63,99 zł


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Ethno Jazz/World Jazz/Modern Jazz
premiera polska:
kontynent: Ameryka Południowa
kraj: Argentina
opakowanie: plastikowe etui

Editor's Info:
'It's a big thing', says Dino Saluzzi, 'to open up your music and invite somebody from an-other world, another culture, into it. You have to want to share, and that can only be done on a basis of respect. And when it works, you're reminded again that even the most personal music can also be universal. But what Palle Danielsson brings to this trio and this recording is fan-tastic. I think of 'Responsorium' as being really as much his album as mine.' This is open to debate - but the veteran bass player from Stockholm does indeed provide, together with gui-tarist José Saluzzi, a very rooted grounding and a strong improvisational response to Dino's imaginative story-songs, his tales from the Argentinean villages of his childhood...
In some ways, 'Responsorium' - an album that is both highly attractive and musically pro-found - continues where 1995's 'Cité de la Musique', an earlier bandonen-guitar-bass re-cording, left off, but the change of bassist has rung substantial changes. The harmony is wider with Danielsson on board, and all three players seem to have more room to move inside the structures of Dino's compositions, embellishing the atmospheres of his songs, so full of yearning and sadness and hope.
Since the 'Cité' recording, too, Dino's son José Maria Saluzzi has been redefining his role in his father's groups, growing as a player in the process, and offering now a more differentiated sound, of considerable subtlety. José was originally a drummer, studying percussion from the age of 7 - and he recorded on drums on Dino's 1991 album 'Mojotoro' - taking up the guitar only at the age of 18. He studied guitar with Argentinean jazz pioneer Walter Malosetti and with tango master Anibal Arias but credits the daily sessions with his father - in jazz, tango and folk idioms - as most important for developing his musical muscle.
Palle Danielsson's powerful bass sound impressed itself forcefully onto the European and world jazz scenes in the 1970s while Palle was a member of two history-making bands- the Jan Garbarek-Bobo Stenson Quartet and Keith Jarrett's 'Belonging'. In the 1960s however he was already first bassist of choice for jazz masters visiting Sweden's shores, and he played with for instance Bill Evans, George Russell, Ben Webster, Don Cherry, Charlie Shavers, Lee Konitz, Phil Woods, Steve Kuhn and many more. His ECM discography includes work with Charles Lloyd, Peter Erskine, Tomasz Stanko, Anouar Brahem and Lena Willemark, as well as with Jarrett and Garbarek.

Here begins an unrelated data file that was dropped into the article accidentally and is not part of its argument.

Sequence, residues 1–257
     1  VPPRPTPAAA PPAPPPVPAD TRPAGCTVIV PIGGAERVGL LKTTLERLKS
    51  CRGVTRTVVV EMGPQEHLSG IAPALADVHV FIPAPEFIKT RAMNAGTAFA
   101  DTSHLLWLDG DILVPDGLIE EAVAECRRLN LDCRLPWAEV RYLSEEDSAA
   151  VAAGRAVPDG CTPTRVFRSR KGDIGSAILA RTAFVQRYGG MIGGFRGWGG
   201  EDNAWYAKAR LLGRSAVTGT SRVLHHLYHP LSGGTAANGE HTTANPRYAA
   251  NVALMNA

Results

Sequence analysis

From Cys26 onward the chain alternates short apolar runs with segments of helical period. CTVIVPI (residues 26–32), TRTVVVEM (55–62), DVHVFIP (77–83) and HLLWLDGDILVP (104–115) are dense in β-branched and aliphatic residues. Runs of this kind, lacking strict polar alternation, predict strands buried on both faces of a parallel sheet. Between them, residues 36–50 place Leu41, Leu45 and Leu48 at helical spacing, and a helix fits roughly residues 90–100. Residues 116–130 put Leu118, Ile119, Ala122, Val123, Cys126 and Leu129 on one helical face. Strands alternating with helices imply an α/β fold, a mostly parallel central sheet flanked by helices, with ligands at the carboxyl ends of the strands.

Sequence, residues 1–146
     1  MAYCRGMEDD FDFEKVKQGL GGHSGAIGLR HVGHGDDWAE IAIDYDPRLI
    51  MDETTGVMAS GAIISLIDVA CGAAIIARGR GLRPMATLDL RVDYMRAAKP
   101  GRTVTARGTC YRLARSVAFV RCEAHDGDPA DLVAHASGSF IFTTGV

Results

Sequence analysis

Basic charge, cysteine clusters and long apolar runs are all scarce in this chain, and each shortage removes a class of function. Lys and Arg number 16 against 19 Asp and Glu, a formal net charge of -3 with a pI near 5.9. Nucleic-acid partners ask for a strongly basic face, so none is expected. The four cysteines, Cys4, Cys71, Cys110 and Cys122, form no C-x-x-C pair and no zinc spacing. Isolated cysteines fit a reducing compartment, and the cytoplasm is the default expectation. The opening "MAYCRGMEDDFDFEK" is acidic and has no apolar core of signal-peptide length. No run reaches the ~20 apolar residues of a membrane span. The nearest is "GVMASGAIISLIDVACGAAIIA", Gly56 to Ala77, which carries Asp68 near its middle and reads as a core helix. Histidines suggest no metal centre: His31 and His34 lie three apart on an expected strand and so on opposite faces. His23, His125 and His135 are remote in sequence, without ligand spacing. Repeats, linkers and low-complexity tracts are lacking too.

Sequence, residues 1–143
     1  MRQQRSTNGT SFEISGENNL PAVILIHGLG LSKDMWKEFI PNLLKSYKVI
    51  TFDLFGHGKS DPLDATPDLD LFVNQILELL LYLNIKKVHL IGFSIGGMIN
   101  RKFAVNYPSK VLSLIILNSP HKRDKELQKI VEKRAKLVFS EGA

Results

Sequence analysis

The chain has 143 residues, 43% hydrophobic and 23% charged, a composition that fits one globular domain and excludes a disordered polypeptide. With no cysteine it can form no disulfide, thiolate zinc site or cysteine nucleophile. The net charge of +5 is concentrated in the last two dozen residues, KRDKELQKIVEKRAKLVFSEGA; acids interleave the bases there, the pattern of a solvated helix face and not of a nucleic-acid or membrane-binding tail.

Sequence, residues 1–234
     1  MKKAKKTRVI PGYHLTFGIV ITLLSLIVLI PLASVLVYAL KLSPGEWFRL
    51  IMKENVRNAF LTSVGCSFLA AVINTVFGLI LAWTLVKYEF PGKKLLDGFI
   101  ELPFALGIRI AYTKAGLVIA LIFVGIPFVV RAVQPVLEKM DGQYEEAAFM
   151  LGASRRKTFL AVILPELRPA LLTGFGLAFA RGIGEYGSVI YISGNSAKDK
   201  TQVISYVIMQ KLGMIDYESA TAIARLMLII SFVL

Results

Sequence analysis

Dino Saluzzi of course is one of the defining figures of contemporary South American music, held by his fellow bandoneonistas to be unchallenged as the man taking the instrument and the music of his homeland forward.
Born in the village of Campo Santo in the North of Argentina in 1935, Dino Saluzzi has been leading bands since he was 14 years old. He began to play professionally while studying in Buenos Aires. It was in Buenos Aires, too, that he met and befriended Astor Piazzolla as the term 'tango nuevo' began to gain currency. Though Piazzolla and Saluzzi always respected each other's work, Dino has never cared to put a label on his own work. But he has stressed, in numerous interviews that his is not an 'art music' but a music that comes out of life and attempts to express the emotions, thoughts and memories that accompany it. And this has re-mained as true of the work that stresses primarily his compositional endeavours - such as the highly successful 'Kultrum' collaboration with the Rosamunde Quartett - as it is of work in which improvisation has a larger role to play, as on 'Responsorium.'
From his first ECM album, recorded in 1982, Saluzzi's music has been very warmly received by the world's press. Fanfare magazine was quick to conclude that 'Dino Saluzzi is probably the greatest living master of the bandoneon.' Down Beat said, 'Reworking elements of tango, South American Indian music, backwater folk tunes and other root sounds, Saluzzi's breadth of feeling makes for remarkable listening.' The Los Angeles Times, in a best-of-the year survey wrote that 'Saluzzi is a writer of abstract music but a tanguero at heart, his com-positions bring forth the unique sadness of tango. Nobody has stretched the genre's bounda-ries to such a degree while retaining a remarkable clarity of purpose.' Frankfurter Allgemeine Zeitung: 'In his melodies for the bandoneon he allows traces of European counterpoint to influence his tango motives, as well as the harmonic experiments of contemporary composi-tion and the expressive power of improvisation.' Jazziz: 'Saluzzi has made one of the most fascinating pacts between Argentine roots and European chamber music, lined with traits from American jazz. This is important music from one of the world's cultural crossroads.'

Dino Saluzzi: bandoneon, Palle Danielsson: double-bass, Jose M. Saluzzi: guitar
wydano: 2003
nagrano: 2002
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Dino Saluzzi
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